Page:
Remember not to exceed the maximum application rate of any herbicide (in this case, 2 quarts/acre is the absolute maximum). It is important to look for any special directions that may be present in herbicide labels for hand spraying and cut surface tree treatments, since these techniques will likely be used commonly in natural areas. Unfortunately, this information is not always easy to find, and most directions given are for use with broadcast sprayers. In many cases, it is necessary to use manufacturers' directions for broadcast spraying and come up with a reasonable conversion in terms of amount of acreage that will be covered by a hand sprayer. Ideally, the area of the patch that will be sprayed should be measured and a calibrated hand sprayer used. This will ensure that the maximum application rate is not exceeded. Remember, no matter what method of herbicide application is used, there will always be a maximum rate of active ingredient that should be applied to a treated acre in a given amount of time. Never exceed the maximum rate stated in the label.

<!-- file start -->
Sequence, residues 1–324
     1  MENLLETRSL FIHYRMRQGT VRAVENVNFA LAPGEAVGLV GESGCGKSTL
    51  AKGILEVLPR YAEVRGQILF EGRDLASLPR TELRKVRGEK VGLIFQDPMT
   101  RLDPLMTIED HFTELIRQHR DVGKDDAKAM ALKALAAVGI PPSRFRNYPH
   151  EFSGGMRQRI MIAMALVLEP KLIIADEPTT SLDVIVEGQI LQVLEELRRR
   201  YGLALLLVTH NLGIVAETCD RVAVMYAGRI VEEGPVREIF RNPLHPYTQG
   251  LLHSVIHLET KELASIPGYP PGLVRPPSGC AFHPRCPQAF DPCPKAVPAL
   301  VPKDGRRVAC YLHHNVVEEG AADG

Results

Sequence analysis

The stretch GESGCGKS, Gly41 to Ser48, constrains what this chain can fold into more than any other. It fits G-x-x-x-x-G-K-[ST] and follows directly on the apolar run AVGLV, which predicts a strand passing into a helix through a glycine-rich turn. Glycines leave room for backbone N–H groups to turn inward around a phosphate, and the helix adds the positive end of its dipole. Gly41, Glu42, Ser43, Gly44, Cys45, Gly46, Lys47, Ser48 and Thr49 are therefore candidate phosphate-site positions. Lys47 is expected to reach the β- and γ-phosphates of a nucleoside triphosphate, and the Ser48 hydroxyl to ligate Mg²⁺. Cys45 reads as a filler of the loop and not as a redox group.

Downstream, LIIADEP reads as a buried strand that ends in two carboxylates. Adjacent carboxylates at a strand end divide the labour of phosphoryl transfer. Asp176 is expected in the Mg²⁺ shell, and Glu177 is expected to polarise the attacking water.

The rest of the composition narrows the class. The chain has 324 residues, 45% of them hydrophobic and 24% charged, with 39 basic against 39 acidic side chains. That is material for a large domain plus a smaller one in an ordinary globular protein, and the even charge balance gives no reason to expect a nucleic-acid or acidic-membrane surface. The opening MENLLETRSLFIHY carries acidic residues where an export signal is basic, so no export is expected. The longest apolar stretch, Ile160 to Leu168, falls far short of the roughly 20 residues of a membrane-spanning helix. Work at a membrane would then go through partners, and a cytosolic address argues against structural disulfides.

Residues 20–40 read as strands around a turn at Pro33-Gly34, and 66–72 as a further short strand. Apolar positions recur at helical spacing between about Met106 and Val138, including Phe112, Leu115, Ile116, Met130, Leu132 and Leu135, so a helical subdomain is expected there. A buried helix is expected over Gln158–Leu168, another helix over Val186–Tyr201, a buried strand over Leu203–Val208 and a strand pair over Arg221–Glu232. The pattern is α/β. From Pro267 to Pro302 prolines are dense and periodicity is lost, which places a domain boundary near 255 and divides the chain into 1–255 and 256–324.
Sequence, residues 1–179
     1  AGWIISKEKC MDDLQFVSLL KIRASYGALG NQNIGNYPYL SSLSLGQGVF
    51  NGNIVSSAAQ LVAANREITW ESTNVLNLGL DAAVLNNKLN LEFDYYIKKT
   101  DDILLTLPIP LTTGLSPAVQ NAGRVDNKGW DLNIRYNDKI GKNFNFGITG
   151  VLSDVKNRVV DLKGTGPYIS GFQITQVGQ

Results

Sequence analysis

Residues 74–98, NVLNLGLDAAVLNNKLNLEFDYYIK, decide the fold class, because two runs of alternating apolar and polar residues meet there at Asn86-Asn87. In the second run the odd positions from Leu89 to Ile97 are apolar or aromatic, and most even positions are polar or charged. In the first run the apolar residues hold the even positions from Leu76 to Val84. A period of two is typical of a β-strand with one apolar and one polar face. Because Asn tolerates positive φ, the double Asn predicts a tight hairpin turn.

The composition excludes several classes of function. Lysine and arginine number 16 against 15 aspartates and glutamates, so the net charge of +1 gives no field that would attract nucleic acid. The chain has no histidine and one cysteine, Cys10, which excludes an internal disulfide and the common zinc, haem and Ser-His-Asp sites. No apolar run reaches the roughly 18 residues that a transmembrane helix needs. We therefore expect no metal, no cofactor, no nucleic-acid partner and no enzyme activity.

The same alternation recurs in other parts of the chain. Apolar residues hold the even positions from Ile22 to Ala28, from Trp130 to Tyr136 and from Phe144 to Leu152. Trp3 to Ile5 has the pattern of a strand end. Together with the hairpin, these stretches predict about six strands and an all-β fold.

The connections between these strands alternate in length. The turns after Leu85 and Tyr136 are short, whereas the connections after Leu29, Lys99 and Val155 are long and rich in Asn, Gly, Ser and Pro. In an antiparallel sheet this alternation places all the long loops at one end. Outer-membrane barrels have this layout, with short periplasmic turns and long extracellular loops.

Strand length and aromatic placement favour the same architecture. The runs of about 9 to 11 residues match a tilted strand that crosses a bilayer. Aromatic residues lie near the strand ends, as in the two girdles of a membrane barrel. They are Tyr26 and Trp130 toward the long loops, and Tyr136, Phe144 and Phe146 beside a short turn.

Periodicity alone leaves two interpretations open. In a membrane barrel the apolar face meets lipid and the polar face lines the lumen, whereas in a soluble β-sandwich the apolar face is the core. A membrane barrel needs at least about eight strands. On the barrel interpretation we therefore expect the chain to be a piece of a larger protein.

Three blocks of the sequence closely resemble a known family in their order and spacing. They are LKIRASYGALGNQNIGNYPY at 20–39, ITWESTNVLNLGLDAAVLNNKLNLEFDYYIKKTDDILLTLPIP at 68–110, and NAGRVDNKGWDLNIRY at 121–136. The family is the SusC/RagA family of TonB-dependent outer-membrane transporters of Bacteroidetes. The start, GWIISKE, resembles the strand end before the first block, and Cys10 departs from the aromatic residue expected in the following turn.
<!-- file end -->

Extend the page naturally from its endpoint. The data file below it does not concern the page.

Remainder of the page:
Adjuvants are substances added to a formulation to increase the effectiveness of the active ingredient. These substances may be labeled for use with certain herbicides and will be added during the mixing stage to the final dilute spray. Consult labels to ensure products are compatible. Surfactants: Chemicals that break down the waxy layer found on most plant surfaces. When the layer is broken down, herbicides can be absorbed faster by the plant. This more efficient use of herbicides results in lower costs and reduced environmental impacts because less herbicide can be applied. Dyes: Coloring agents added to herbicides. These dyes make it possible to see exactly what has been sprayed. Use of such dyes results in lower costs and reduced environmental impacts, because unintentional re-spraying of already sprayed areas is minimized. Care must be taken to avoid using incompatible dyes and herbicides. Some dyes are listed as not compatible with certain herbicides. Read the labels.